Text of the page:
EPA’s Tailpipe Emission Standard Expected to Promote EV’s at the Expense of Cleaner Fuels


On March 20, the EPA finalized stringent new greenhouse gas (GHG) emission standards for light-duty cars and trucks. The final rule is predicted to significantly increase the domestic market share for electric vehicles (EVs) over the 2027-2032 phase-in period. By 2032, the rule calls for automakers to meet a fleetwide average emissions rate of 85 grams per mile, down from 192 grams for current model year 2024 vehicles. In other words, the final rule aims for a 50 percent EV sales target by 2030 compared to the 67 percent EV sales target by 2032 from the proposed rule. While the final rule does not mandate any particular technology to meet the new tailpipe emission standard, auto manufacturers are expected to comply by significantly ramping up the manufacture of EVs. The EPA estimates the final rule will increase EV market share to 55 percent of all new cars sold nationwide by 2032 while electric plug-in hybrid vehicle sales will increase to 13 percent over the same period, according to the agency. By contrast, in 2023 EVs made up just 7 percent of vehicle sales and plug-in hybrids another 2 percent. Automakers were able to convince the EPA to relax annual GHG reduction goals during the early part of the phase-in period to give them more time to retrofit for EV manufacturing. The new GHG standards for light duty cars and trucks comes just one year after the EPA proposed GHG tailpipe emission reductions for heavy-duty trucks through model year 2032. Under the proposed rule, the EPA projected 50 percent of heavy-duty vehicles, 35 percent of short-haul trucks and 25 percent of long-haul trucks would be electric by 2032. The heavy-duty truck rule is expected out this Spring.

Congressional Republicans seeking to overturn the rule are already sharpening their strategy. Sens. Pete Ricketts of Nebraska and Dan Sullivan of Alaska said Wednesday that they plan to introduce legislation to overturn the regulation. In addition, lawsuits by the major refiners and some environmental groups may slow down implementation of the stringent new GHG standards.

Earlier this year, EMA’s 48 state and regional trade associations, along with the American Farm Bureau, American Fuel & Petrochemical Manufacturers, API, Clean Fuels Alliance America, Growth Energy, National Corn Growers Association, NACS, NATSO, Renewable Fuels Association, SIGMA, U.S. Chamber of Commerce and several other organizations urged the Biden Administration to reconsider its GHG standards proposed rule for light and medium-duty vehicles for model years 2027 and later. Unfortunately, the focus on EV production will fundamentally eliminate an opportunity to provide clean green liquid fuels such as renewable diesel, biodiesel, renewable gasoline, clean hydrogen and ethanol that immediately lower emissions not only for new vehicles, but for the vehicles currently on the road. In addition, the rule will limit consumer choice on cleaner internal combustion engines and threaten the viability and jobs of small business energy marketers around the country. CLICK HERE to read the letter.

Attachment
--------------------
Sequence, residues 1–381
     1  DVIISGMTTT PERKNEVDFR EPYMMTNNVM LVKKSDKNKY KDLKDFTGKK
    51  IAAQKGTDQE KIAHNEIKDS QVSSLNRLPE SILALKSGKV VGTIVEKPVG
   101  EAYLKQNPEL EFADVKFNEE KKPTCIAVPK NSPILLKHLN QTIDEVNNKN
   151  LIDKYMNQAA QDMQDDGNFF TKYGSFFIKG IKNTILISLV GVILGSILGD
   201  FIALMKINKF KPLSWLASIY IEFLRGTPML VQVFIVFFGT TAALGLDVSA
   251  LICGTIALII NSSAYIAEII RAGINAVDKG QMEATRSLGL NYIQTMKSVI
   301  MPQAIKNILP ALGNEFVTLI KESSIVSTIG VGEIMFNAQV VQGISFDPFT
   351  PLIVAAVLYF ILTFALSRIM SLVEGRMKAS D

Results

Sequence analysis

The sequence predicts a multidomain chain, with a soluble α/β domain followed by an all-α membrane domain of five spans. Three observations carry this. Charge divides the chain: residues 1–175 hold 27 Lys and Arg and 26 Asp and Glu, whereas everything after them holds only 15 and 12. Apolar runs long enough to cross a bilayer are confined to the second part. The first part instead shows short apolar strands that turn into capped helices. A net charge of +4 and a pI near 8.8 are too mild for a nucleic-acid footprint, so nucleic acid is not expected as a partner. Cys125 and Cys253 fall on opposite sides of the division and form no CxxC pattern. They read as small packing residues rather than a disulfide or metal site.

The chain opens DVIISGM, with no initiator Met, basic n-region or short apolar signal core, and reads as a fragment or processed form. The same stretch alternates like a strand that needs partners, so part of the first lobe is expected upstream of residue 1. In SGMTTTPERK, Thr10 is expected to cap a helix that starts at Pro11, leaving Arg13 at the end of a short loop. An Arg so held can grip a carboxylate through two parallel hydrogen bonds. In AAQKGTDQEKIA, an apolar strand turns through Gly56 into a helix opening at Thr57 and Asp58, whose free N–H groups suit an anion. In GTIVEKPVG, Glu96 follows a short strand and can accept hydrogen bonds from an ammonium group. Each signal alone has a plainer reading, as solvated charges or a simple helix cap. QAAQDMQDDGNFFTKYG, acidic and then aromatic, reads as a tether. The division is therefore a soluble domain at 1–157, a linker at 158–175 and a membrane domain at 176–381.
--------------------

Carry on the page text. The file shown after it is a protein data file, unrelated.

Even though automakers are committed to boosting EVs, many of them, as well as members on Capitol Hill, are raising questions about the Biden Administration’s new approach, from securing critical materials needed for EV batteries, to the availability of EV charging stations and the ability of electric grids to meet power needs. China’s stranglehold on the critical minerals industry and mining in Africa is a major concern.

“Unfortunately, President Biden’s aggressive attempt to electrify the transportation sector will limit consumer choice on cleaner greener ICEs, increase Americans’ utility bills to subsidize a massive expansion of the electric grid for EV charging and threaten the viability and jobs of small business energy marketers around the country, whether they deliver gasoline and diesel or renewable fuels like ethanol, biodiesel and renewable diesel,” said EMA President Rob Underwood.

Legal Challenges Playing Out

EMA is part of business groups and States who have already asked the courts to review EPA’s prior tailpipe emissions standards for model year 2025 and 2026 vehicles and the Agency’s reinstatement of California’s Clean Air Act waiver to issue climate-based vehicle emissions standards. Whether California can blaze its own trail on combatting climate change also implicates the “major questions doctrine,” which holds that courts should not defer to agencies on questions of “vast economic or political significance” unless Congress has provided explicit authority to the agencies. The appeals court will be asked to decide whether Congress authorized California in the Clean Air Act to regulate vehicle emissions to target a phenomenon like climate change which has a global cause and effect.

Additionally, EMA joined as amicus curiae challenge to the National Highway Traffic Safety Administration’s fuel-economy standards. EMA also endorsed the American Fuel & Petrochemical Manufacturer’s (AFPM) comments regarding EPA’s GHG standards for light-duty and medium-duty vehicles for model years 2027 and later. EMA urged the EPA to consider lifecycle emissions and a technology neutral approach when it comes to promoting policies to reduce emissions. Click here to read EMA’s comments.